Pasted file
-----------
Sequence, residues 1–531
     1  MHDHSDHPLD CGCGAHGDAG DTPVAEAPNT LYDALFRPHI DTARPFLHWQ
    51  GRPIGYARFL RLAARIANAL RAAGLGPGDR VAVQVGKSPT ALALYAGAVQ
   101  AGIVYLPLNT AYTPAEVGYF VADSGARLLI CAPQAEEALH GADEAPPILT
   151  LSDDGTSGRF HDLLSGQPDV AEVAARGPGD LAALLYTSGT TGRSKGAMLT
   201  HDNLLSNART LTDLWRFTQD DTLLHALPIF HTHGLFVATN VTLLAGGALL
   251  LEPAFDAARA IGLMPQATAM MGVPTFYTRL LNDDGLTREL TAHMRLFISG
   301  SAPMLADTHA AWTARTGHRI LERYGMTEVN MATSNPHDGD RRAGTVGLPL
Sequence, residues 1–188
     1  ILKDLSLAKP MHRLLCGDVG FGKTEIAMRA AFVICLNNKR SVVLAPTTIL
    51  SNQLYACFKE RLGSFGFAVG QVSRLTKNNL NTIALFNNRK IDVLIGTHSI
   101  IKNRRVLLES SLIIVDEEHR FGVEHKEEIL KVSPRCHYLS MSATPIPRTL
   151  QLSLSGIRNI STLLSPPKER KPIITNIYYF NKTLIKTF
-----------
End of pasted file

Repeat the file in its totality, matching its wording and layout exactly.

Sequence, residues 1–531
     1  MHDHSDHPLD CGCGAHGDAG DTPVAEAPNT LYDALFRPHI DTARPFLHWQ
    51  GRPIGYARFL RLAARIANAL RAAGLGPGDR VAVQVGKSPT ALALYAGAVQ
   101  AGIVYLPLNT AYTPAEVGYF VADSGARLLI CAPQAEEALH GADEAPPILT
   151  LSDDGTSGRF HDLLSGQPDV AEVAARGPGD LAALLYTSGT TGRSKGAMLT
   201  HDNLLSNART LTDLWRFTQD DTLLHALPIF HTHGLFVATN VTLLAGGALL
   251  LEPAFDAARA IGLMPQATAM MGVPTFYTRL LNDDGLTREL TAHMRLFISG
   301  SAPMLADTHA AWTARTGHRI LERYGMTEVN MATSNPHDGD RRAGTVGLPL
Sequence, residues 1–188
     1  ILKDLSLAKP MHRLLCGDVG FGKTEIAMRA AFVICLNNKR SVVLAPTTIL
    51  SNQLYACFKE RLGSFGFAVG QVSRLTKNNL NTIALFNNRK IDVLIGTHSI
   101  IKNRRVLLES SLIIVDEEHR FGVEHKEEIL KVSPRCHYLS MSATPIPRTL
   151  QLSLSGIRNI STLLSPPKER KPIITNIYYF NKTLIKTF